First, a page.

Gender Lens Investing Series: Patamar Capital on Empowering Women in Portfolios


Shuyin Tang


5 min read

“At the end of the day, I believe we all share the same underlying goal of gender equality, and while it’s easy to get distracted by all the details, it’s important to remind ourselves of that!”
– Shuyin Tang, Partner, Patamar Capital

What motivated you to become a gender lens investor?

We have been thinking about the overall impact of our portfolio on women and girls for some time, even before we started formally engaging with GLI. Many of our team have had a long history of investing and supporting businesses in the microfinance sector, where women play such a crucial role. We had also noticed that the customer bases of many of our portfolio companies were predominantly female.  

We began engaging more deeply with gender lens investing in 2017, when we were selected as an impact investing partner by Investing in Women (IW), an initiative of the Australian Government. Joining the IW initiative allowed us to learn from experts such as the Criterion Institute and  gave us access to a strong peer group of other like-minded investors. It was great to learn and share best practices, discuss new ideas and perspectives, and delve deeper into the practicalities of applying a gender lens to our respective portfolios. 

What guides your investment decisions? Have you seen any returns?

The guiding force is different for each of our funds. For the IW Fund and the Beacon Fund (a new fund that we plan to launch soon), gender is the key guiding force. For others, gender is definitely an important factor but not the only one. We strive to apply a gender lens in all our operations and investment decisions and classify all our funds as gender lens funds. 

Our approach to gender lens investing is captured in two areas: 

  • Our due diligence process. We developed a list of questions that act as ‘conversation starters’ about gender for discussions with entrepreneurs, industry experts, the company’s customers and other stakeholders. Covering various areas, from the company’s organisational policies to customer profile, these questions help us to better understand the entrepreneurs’ motivations and values, and how well they understand the gender dynamics in their business. The results of this due diligence must be included in our Investment Committee memos, forcing the team to think deeply about these issues,  instead of simply indicating a ‘yes/no’ in a checklist.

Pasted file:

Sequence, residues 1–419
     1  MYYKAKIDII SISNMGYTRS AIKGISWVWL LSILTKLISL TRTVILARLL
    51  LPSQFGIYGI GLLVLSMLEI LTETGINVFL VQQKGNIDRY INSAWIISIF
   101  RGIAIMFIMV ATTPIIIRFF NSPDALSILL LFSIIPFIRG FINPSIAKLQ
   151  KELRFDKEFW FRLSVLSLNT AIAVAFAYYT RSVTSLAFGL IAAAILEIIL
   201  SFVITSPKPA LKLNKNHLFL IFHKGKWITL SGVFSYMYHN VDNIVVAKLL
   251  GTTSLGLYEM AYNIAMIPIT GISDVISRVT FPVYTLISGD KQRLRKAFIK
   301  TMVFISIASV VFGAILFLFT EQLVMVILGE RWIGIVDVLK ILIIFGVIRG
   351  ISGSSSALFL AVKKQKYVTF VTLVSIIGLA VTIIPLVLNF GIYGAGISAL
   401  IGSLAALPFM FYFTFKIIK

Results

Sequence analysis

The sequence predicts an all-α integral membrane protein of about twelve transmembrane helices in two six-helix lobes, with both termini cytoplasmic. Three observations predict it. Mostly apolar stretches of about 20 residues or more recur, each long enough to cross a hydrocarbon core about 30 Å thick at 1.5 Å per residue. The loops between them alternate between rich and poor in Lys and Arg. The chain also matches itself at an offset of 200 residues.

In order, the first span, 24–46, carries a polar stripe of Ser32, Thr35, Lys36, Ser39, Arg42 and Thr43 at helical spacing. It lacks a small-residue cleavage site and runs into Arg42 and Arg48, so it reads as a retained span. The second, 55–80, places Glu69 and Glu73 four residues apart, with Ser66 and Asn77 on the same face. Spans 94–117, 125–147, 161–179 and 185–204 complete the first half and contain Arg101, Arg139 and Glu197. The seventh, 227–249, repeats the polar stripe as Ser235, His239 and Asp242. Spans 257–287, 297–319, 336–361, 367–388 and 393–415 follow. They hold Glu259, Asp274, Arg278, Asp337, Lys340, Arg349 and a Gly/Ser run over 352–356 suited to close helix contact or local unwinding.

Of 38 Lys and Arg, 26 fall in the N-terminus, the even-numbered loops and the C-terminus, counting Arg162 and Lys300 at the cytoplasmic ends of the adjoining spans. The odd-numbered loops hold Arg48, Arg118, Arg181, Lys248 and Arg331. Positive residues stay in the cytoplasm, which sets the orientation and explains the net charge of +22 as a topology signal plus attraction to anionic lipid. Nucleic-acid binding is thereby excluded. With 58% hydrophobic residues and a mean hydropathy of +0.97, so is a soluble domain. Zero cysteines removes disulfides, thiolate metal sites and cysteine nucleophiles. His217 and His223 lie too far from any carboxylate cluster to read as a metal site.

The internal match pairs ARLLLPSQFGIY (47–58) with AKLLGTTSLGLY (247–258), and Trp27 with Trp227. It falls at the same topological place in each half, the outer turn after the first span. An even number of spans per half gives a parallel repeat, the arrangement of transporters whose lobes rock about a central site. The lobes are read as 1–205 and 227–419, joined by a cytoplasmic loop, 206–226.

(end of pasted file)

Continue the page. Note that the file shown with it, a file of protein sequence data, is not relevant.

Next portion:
• Our internal investment and business practices. We ensured that gender lens analysis is present in our Investment Committee memos and discussion agendas. For our Investing in Women (IW) Fund, we had an Investment Committee that was majority female for the first time. We also rolled out simultaneous electronic voting instead of having members cast their votes verbally, one after another, to reduce unconscious – or even conscious – bias in investment decisions. As gender-lens investing assumes a more prominent place, our team continues to actively seek out gender-disaggregated data. For example, a colleague recently discovered that the majority of pharmacists signing up with one of our portfolio companies in the healthcare sector is female. With this information, we advised the company to customise their engagement approach and marketing strategy to reach out to women more effectively. 

How does Patamar Capital encourage more mainstream businesses and investors to join the gender lens ecosystem?

We are seeing greater interest in gender lens investing in Southeast Asia recently, which is a good thing. There is usually a dedicated event or a number of sessions on gender lens investing in social investment-related conferences and seminars. However, there is still ambiguity on how companies can move from simply having an interest in gender lens investing to actually taking action.